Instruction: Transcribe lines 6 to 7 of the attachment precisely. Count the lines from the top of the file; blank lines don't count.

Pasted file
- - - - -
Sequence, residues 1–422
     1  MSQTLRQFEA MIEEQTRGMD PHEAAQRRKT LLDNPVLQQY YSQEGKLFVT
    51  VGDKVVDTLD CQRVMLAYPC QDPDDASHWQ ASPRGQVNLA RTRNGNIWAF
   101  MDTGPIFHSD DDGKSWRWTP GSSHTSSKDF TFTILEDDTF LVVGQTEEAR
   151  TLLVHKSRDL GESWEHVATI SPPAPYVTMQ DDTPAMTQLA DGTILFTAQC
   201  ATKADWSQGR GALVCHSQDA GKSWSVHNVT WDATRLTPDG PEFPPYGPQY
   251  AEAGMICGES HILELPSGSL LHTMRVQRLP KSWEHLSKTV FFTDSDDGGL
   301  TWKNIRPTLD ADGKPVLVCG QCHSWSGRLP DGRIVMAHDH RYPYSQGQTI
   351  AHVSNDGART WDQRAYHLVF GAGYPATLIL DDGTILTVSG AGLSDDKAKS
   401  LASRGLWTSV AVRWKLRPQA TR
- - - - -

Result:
   201  ATKADWSQGR GALVCHSQDA GKSWSVHNVT WDATRLTPDG PEFPPYGPQY
   251  AEAGMICGES HILELPSGSL LHTMRVQRLP KSWEHLSKTV FFTDSDDGGL